Campster December '95 is one of the best runs of Phish's career. In light of the inspiring playing going on these days I am inspired to go revisit and listen to some older shows in anticipation of everything going on now.

This show, to me, is an excellent one - although perhaps not the pinnacle of the incredible tour. An awesome setlist, and plenty of great jamming make for a fun and fiery concert.

Buried Alive opens the show up in fine form. This one is fast and well executed. Trey was certainly playing with unrivaled ferocity!

The DWD that emerges is straight ahead, type I fire. It's a short, yet sublime version, with explosive playing.

Theme from the Bottom is a nice song and well-played, but not a real standout.

Poor Heart ratchets the energy level back up with a good showing.

Wolfman's Brother was still finding it's legs and a lyrical flub provides some evidence of that. Good song nonetheless.

CDT is off the rails, nearly careening into chaos, but they manage to scotch tape the song structure together for a thrilling version.

Forbin's>Mockingbird is excellent and has a fun narration about Chocolate!

Stash follows that up and this is another straight ahead, but undeniably excellent version. Trey and Fishman are monsters. I consider this the set highlight for sure. There are better and more experimental versions, but this one is a clinic.

Cavern is a perfectly acceptable closer to a rocking and high energy set.

Set II is a very strong set and opens with a nice crisp Halley's Comet.

The big Mike's song gets most of the attention and is deserving of (more than) a few listens. It's an excellent jam, with some stellar Trey soloing, a great percussive jam where Trey moves to the kit and Page shines, and some additional mellifluous playing which culminates in a wild -> Weekapaug in the wrong key. It's an excellent version.

The Weekapaug presents some vocal issues, but aside from that is an excellent version, with some more grand soloing from Trey and an amazing conclusion where the band shifts perfectly into the proper key for the final vocal refrain. What a pairing!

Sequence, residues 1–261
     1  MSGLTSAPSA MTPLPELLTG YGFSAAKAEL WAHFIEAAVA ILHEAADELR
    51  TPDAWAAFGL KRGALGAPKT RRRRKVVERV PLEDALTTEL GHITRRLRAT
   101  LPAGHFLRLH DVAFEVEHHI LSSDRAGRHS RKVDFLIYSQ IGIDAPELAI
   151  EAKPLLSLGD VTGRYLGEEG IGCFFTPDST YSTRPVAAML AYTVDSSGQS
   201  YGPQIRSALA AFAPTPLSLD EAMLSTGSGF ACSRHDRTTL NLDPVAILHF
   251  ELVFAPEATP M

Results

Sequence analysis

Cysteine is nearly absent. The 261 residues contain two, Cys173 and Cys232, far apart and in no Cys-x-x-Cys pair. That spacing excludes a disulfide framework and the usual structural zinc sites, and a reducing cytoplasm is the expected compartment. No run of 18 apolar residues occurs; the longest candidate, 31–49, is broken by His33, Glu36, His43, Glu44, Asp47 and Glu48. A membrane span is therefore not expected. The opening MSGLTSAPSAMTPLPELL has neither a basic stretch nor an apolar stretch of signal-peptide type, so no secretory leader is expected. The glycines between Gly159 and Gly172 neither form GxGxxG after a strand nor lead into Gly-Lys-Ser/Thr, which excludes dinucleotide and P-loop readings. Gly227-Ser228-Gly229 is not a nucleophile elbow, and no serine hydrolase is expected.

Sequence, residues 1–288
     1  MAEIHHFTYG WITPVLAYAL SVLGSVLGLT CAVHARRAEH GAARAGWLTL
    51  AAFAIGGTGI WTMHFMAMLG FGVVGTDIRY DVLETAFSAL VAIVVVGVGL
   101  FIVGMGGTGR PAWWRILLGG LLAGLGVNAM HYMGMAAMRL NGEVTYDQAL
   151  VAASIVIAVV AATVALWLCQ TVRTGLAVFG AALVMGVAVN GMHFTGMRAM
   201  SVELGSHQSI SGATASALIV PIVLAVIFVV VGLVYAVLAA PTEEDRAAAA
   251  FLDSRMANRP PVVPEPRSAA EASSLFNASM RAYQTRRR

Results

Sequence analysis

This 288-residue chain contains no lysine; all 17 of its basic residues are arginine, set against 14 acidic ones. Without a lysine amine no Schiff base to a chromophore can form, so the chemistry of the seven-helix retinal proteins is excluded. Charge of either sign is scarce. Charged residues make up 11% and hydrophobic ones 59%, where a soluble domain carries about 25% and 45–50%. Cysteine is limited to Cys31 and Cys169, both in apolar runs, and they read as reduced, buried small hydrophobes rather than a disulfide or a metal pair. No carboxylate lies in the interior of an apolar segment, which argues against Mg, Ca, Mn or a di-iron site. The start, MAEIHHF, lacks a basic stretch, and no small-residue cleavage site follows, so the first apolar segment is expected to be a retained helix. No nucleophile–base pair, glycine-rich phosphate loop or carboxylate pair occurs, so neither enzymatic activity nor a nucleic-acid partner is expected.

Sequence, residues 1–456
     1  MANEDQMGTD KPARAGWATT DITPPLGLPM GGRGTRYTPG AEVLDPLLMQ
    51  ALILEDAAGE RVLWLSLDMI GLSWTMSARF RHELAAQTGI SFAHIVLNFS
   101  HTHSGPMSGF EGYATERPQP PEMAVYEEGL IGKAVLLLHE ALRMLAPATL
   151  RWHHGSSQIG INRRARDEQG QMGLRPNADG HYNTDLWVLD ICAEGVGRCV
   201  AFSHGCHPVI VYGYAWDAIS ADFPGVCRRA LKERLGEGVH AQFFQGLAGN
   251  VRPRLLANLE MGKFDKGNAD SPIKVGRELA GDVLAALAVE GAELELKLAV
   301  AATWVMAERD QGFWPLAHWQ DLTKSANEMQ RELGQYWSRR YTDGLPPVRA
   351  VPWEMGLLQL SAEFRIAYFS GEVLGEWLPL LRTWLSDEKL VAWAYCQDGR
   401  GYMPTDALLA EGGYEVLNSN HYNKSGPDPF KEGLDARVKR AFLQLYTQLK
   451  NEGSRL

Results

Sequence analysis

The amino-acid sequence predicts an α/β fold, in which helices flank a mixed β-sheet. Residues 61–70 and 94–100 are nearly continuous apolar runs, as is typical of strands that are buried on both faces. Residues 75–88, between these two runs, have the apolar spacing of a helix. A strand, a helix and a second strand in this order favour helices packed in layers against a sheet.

Mango>Wilson is well done and provides a good continuation to the set.

Suspicious Minds >HYHU is a fun romp.

The close out with some more excellent improvisation in the form of David Bowie, which opens with Catapult sung over the hi-hat intro. The Bowie itself is an excellent version with plenty of fiery and creative jamming. It's a perfect improvisation piece to close out the set.

Suzy is a fun encore here and caps of an energetic show in energetic style.

Overall: I highly recommend this show - at the very least for the stunning and creative Mike's -> Weekapaug, but do not sleep on the Stash & Bowie either. Full disclosure, the whole show represents a treat of tight playing with great jamming throughout.

, attached to 1995-12-01

Review by EducateFright

EducateFright This show starts out well with a happy Disease and a well-played Theme. Chalk Dust is a somewhat rare example of the band nearly derailing due to pushing too hard: Fishman strays far off-course, which leaves everyone scrambling to meet on common ground again. The show recovers nicely with the ensuing Forbin's > Mockingbird. This is a truly GREAT Stash – both Trey and Fishman are on fire. Trey unforgivingly pummels the audience with a series of tense and manic licks, to which Fishman tastefully lays down the rolls on his toms.
Set 2: This short Halley's more or less functions as a fake-out, as Mike's surprisingly comes out of nowhere. Trey focuses on percussion for part of the Mike's jam, opening up plenty of space for Page to shine. Fishman is really tuned in and on! For the first time ever, Mike's bleeds directly into Weekapaug. This was quite likely not planned: there is no key change, and Weekapaug ends up a few steps high (at first the band struggles to find their footing vocally). Quite interestingly, just when it seems Trey may have painted the jam into a tight corner, everyone speeds up on his cue, and the jam changes key before the vocals come around again! Suspicious Minds is suitably absurd, and Bowie does not disappoint.
The Suzie encore is very high-energy, with an aggressive, knock-you-out solo from Page.
Stash, Mike's, and Weekapaug are the predictable highlights of this show. It's a good one!
, attached to 1995-12-01

Review by TheDividedSky87

TheDividedSky87 Where do you purchase the DVD for this show?
, attached to 1995-12-01

Review by PhishMarketStew

PhishMarketStew Got a great DVD of this show, perfect quality. Killer night.